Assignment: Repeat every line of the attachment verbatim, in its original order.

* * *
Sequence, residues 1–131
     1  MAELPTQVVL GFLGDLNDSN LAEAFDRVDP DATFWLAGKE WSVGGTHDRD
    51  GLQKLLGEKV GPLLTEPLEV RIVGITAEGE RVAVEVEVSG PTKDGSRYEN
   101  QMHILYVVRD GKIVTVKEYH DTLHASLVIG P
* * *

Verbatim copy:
Sequence, residues 1–131
     1  MAELPTQVVL GFLGDLNDSN LAEAFDRVDP DATFWLAGKE WSVGGTHDRD
    51  GLQKLLGEKV GPLLTEPLEV RIVGITAEGE RVAVEVEVSG PTKDGSRYEN
   101  QMHILYVVRD GKIVTVKEYH DTLHASLVIG P